I remember the first day that the channel Cartoon Network was aired on Television. A channel which was packed with cartoon from morning to night, surely, it was a kid’s delight. I stayed up watching the Popeye the Sailor Man late into the night, forcing my Grandma to stay awake and watch it with me as well, because I was scared of the night. Popeye the Sailor Man was the last show of the day, the Grand Finale and I wouldn’t miss that for anything. I remember vividly, another Cartoon which was aired on this channel.
It was called Heidi---the cartoon version of the famous Swiss classical novel, Heidi written by Joanna Spyri. I was too young to bother reading novels then, and Heidi was one cartoon I fell in love with. Oh, it was not one of those ‘stupid’ and ‘senseless’ children’s cartoons with dancing donkeys and talking birds, but Heidi was something which was truly unique and special in many ways. It told a story, packed with morals, life-lessons, and many such things which are absolutely required for the developing child. I was attracted to it because it portrayed a girl who was very much like me in many aspects and I loved to assume that I was Heidi, the little seven year old girl herself, roaming the lush Andes mountainside meadows and picking wildflowers. It told me of a beautiful relationship between the girl and her Grandfather—Heidi lived a carefree mountain life, shepherding the sheep, making friends with birds and goats, and going to winter school. I remember in one episode in which Heidi is dragged away from her Grandpa to the city of Frankfurt. I associated that with me being dragged back to Bangalore after spending my summer with my Grandparents.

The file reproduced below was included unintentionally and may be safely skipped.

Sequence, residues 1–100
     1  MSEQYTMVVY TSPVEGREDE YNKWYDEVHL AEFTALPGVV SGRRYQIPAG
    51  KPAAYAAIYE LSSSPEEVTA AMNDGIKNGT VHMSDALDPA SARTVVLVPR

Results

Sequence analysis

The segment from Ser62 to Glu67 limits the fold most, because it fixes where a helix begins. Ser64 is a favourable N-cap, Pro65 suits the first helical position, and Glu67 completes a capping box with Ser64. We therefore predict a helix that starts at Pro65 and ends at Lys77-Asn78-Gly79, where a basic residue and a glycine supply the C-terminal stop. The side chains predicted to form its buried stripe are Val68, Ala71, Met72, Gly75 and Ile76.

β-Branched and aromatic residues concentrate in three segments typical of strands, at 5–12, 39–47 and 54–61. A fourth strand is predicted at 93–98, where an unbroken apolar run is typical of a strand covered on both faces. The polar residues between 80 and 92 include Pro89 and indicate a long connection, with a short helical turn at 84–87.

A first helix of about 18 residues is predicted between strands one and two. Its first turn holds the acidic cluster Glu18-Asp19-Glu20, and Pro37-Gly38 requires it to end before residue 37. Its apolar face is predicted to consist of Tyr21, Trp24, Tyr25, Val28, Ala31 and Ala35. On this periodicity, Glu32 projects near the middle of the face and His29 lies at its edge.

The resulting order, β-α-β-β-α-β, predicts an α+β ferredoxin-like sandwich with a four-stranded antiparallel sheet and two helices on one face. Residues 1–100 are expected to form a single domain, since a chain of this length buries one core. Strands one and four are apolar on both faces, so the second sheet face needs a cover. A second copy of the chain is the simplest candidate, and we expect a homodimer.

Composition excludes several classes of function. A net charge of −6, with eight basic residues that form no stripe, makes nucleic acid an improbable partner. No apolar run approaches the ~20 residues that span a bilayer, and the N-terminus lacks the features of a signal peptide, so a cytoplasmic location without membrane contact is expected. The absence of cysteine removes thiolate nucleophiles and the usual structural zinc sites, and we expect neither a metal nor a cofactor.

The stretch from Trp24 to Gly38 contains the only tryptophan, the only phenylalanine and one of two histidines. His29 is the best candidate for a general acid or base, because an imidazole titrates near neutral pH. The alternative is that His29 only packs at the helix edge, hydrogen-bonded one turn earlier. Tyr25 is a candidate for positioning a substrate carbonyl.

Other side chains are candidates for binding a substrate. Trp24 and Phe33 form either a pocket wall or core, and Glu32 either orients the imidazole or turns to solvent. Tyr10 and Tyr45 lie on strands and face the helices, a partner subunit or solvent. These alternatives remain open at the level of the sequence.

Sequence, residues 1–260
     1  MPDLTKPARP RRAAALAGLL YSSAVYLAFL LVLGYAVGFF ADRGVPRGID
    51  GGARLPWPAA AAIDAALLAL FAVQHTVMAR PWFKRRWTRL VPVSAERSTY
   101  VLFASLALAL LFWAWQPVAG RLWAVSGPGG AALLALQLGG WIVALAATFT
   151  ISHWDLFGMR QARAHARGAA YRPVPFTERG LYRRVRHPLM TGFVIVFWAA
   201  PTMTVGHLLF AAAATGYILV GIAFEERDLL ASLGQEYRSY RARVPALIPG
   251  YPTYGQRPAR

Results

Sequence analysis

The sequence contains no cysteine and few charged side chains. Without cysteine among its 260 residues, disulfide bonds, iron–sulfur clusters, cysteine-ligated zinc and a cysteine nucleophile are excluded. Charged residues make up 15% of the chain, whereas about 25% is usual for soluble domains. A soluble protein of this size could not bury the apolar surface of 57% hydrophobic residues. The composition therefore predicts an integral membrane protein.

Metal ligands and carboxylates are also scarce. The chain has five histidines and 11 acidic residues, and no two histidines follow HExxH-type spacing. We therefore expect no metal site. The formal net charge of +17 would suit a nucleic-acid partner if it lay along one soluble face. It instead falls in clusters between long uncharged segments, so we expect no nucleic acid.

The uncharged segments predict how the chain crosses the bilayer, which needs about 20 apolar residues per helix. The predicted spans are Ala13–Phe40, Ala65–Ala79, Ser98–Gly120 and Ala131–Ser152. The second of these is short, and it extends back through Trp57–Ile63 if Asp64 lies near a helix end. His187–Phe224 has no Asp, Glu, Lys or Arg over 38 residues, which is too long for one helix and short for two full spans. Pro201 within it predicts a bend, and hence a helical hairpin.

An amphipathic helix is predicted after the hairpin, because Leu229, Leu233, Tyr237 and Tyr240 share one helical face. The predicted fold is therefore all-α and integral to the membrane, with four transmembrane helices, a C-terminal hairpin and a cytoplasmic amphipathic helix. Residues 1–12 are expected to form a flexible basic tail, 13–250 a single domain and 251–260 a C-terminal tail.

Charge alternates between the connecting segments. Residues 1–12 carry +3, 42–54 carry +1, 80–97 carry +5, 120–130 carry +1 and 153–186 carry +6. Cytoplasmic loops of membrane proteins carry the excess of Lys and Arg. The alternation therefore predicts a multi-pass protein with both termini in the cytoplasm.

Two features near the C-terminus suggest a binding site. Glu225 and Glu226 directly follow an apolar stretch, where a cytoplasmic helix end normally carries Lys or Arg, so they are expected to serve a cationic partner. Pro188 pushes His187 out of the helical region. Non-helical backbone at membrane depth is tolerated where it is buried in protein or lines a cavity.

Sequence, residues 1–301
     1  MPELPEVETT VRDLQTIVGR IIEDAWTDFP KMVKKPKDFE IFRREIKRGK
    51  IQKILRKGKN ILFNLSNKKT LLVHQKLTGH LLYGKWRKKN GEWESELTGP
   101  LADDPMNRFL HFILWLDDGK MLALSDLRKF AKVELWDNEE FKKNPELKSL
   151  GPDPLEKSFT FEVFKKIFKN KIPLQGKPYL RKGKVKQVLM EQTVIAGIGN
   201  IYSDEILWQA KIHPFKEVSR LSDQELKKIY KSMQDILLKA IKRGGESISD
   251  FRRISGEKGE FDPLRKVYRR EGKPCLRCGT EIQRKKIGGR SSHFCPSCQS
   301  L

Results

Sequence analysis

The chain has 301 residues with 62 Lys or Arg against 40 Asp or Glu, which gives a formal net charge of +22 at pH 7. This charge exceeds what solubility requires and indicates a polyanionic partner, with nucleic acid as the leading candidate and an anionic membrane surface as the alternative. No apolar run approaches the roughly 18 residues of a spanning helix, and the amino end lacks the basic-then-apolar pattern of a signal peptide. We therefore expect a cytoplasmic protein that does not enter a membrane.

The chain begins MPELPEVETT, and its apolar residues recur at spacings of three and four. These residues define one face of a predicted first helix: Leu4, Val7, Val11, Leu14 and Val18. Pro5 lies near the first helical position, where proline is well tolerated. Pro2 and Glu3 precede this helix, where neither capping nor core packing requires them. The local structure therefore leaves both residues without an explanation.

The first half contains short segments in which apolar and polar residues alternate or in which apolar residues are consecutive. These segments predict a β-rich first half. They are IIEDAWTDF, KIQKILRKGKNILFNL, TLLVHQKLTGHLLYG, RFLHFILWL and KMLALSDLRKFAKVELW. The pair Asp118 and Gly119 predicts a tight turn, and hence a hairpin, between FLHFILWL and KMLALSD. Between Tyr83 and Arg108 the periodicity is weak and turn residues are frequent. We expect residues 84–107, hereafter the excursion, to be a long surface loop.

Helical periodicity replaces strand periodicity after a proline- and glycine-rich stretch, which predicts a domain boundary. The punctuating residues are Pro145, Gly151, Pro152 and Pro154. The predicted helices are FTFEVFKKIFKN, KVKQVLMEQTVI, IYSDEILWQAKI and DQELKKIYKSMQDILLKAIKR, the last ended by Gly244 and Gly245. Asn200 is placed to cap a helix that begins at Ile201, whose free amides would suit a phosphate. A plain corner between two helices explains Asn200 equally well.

I later found out that Andes was a mountain range that really existed, and Frankfurt existed too. I had loved the animated version of Frankfurt so much that I dreamed of visiting the Andes once, really picking flowers from the mountain slopes and of course a nice visit to city of Frankfurt. Many years later, when I was in the Frankfurt Airport as a Transit Passenger, I couldn’t help looking out of the glass windows, taking in the breathtaking view of the city. It was something which was exactly as I had imagined it to be. Somewhere, the story of the little girl seemed to unfold. Slanting red rooftops, houses baking under the warm sun, concrete buildings which rose in the distance, Frankfurt had not changed. Even though I never visited the Andes, I was grateful that I got a small glimpse of Frankfurt. Somehow, for this little girl who has not really grown up, it was not too hard to imagine the smiling face of Heidi staring back at me from the tallest tower of the city.